WHEN THE LIGHT GOES by Larry McMurtry - SIGNED FIRST EDITION BOOKSee all titles by Larry McMurtry.
In this masterful and often surprising sequel to the acclaimed Duane's Depressed, the Pulitzer Prize- and Oscar-winning author of Lonesome Dove
has written a haunting, elegiac, and occasionally erotic novel about
one of his most beloved characters. Duane Moore first made his
appearance in The Last Picture Showand, like his author, he has aged but not lost his vigor or his taste for life.
Back from a two-week trip to Egypt, Duane finds he cannot readjust to
life in Thalia, the small, dusty, West Texas hometown in which he has
spent all of his life. In the short time he was away, it seems that
everything has changed alarmingly. It's as if Duane cannot
find any solace or familiarity in Thalia and cannot even bring himself
to revisit the house he shared for decades with his late wife, Karla,
and their children and grandchildren. He spends his days aimlessly
riding his bicycle (already a sign of serious eccentricity in West
Texas) and living in his cabin outside town. The more he tries to get
back to the rhythm of his old life, the more he realizes that he should
have left Thalia long ago -- indeed everybody he cared for seems to
have moved on without him, to new lives or to death.
consolation is meeting the young, attractive geologist, Annie Cameron,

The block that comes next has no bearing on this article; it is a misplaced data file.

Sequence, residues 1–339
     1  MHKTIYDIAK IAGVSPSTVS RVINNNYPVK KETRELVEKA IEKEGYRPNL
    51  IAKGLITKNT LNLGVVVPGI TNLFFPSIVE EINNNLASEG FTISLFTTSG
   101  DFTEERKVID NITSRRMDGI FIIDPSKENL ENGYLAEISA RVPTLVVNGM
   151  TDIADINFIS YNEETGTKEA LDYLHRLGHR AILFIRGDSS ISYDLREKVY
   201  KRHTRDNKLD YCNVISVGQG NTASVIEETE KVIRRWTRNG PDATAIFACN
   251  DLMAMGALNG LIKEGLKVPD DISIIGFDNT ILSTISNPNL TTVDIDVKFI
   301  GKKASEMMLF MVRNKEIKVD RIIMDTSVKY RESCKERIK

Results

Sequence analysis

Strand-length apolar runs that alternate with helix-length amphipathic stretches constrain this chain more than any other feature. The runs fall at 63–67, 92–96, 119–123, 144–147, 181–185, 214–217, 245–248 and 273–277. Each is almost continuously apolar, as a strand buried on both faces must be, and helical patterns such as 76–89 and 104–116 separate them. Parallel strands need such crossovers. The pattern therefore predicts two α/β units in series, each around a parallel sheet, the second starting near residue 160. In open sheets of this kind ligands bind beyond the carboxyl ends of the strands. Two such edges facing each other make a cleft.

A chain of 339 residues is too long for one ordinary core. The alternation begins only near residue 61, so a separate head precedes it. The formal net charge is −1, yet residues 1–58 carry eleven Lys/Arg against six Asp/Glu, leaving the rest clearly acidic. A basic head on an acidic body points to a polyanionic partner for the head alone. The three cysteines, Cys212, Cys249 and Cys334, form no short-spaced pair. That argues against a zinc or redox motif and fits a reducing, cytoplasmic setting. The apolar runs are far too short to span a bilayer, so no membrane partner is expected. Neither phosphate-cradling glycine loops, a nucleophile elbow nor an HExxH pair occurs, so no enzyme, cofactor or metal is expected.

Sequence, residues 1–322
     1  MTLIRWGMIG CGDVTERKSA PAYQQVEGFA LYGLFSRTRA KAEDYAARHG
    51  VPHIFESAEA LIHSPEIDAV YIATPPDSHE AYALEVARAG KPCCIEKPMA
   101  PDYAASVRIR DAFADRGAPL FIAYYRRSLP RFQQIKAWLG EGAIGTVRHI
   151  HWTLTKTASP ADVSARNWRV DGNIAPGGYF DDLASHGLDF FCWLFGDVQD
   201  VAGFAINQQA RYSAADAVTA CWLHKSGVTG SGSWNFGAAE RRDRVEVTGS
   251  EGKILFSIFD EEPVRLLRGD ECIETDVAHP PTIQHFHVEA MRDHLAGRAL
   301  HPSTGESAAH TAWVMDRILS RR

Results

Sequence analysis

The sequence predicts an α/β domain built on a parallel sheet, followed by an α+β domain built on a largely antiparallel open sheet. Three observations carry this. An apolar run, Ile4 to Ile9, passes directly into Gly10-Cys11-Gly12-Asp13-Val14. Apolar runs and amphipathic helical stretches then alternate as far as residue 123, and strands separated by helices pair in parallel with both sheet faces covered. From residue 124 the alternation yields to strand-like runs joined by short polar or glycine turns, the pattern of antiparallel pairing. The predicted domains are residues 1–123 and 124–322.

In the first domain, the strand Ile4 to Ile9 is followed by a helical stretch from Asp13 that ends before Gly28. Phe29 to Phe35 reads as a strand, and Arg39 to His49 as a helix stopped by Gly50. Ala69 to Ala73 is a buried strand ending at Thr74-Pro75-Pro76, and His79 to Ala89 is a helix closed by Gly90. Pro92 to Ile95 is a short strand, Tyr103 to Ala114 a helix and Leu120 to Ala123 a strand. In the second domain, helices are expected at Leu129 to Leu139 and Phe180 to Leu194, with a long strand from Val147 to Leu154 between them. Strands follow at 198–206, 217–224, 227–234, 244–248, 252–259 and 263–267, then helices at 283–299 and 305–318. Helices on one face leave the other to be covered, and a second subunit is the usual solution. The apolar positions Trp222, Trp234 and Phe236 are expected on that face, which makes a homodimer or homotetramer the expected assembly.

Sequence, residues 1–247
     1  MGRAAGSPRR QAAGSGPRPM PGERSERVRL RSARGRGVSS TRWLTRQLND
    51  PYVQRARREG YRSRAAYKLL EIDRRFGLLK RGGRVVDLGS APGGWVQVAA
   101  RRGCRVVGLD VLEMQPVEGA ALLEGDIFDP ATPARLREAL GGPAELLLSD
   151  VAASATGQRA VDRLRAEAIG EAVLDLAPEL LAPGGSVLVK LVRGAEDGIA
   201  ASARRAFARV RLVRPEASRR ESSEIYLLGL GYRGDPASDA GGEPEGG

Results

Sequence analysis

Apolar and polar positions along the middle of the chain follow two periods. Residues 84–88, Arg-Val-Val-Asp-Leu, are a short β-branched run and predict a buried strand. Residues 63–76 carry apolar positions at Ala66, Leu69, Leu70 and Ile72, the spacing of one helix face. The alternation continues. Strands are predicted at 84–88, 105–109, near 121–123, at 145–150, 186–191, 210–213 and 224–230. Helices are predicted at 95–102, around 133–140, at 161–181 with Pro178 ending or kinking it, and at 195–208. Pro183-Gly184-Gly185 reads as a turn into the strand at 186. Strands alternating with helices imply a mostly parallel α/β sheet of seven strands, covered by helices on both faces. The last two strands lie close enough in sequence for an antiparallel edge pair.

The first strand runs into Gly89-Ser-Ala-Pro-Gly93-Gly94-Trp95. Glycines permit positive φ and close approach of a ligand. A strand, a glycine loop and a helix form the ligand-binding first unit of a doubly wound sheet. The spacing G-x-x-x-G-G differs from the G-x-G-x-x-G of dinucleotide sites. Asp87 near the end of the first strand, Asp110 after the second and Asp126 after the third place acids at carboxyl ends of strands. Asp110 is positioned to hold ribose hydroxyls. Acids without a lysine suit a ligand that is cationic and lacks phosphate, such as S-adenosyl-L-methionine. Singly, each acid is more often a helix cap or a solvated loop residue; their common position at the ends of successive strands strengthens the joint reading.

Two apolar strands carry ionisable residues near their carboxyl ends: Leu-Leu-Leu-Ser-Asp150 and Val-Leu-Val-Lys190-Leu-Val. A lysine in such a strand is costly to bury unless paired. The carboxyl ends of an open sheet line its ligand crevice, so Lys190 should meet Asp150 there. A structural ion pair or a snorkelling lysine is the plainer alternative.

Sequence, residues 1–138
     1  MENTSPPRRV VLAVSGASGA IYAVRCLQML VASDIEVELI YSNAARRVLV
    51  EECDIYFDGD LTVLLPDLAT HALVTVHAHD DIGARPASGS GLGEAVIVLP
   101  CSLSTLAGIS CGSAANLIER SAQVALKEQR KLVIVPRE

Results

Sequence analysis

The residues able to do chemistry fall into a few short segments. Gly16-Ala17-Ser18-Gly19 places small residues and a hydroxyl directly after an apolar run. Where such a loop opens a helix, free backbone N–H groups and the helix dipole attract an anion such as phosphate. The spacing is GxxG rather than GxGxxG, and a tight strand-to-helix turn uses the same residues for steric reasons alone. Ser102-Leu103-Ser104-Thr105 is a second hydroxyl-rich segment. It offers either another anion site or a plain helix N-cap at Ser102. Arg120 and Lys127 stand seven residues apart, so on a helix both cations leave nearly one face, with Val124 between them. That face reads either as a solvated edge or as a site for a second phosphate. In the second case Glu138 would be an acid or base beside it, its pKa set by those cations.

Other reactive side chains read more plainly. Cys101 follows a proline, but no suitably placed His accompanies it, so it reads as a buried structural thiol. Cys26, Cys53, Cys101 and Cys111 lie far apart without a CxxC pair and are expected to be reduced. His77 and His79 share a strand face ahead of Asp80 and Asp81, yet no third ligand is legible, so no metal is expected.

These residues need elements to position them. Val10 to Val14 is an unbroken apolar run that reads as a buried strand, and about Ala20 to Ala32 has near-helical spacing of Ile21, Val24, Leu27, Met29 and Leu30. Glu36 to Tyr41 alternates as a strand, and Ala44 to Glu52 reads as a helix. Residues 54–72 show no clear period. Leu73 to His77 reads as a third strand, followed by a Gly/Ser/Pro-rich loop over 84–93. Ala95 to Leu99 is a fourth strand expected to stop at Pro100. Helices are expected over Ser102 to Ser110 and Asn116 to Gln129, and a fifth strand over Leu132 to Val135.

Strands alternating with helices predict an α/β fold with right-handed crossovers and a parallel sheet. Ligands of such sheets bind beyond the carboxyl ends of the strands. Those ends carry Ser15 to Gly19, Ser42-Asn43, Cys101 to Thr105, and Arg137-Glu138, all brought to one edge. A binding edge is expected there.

whom Dickie has hired to work out of the Thalia office. Annie is
brazenly seductive, yet oddly cold, young enough to be Duane's daughter,
or worse, and Duane hasn't a clue how to handle her. He's also in love
with his psychiatrist, Honor Carmichael, who after years of rebuffing
him, has decided to undertake what she feels is Duane's very necessary
sex reeducation, opening him up to some major, life-changing surprises.
For the lesson of When the Light Goes is that where
there's life, there is indeed hope -- Duane, widowed, displaced from
whatever is left of his own life, suddenly rootless in the middle of
his own hometown, and at risk of death from a heart that also doesn't
seem to be doing its job, is in the end saved by sex, by love, and by
his own compassionate and intense interest in other people and the
surprises they reveal. At once realistic and life-loving,
often hilariously funny, and always moving, though without a touch of
sentimentality, Larry McMurtry has opened up a new chapter in Duane's
life and, in doing so, written one of his finest and most compelling
novels to date, doing for Duane what he did so triumphantly for Aurora
in Terms of Endearment.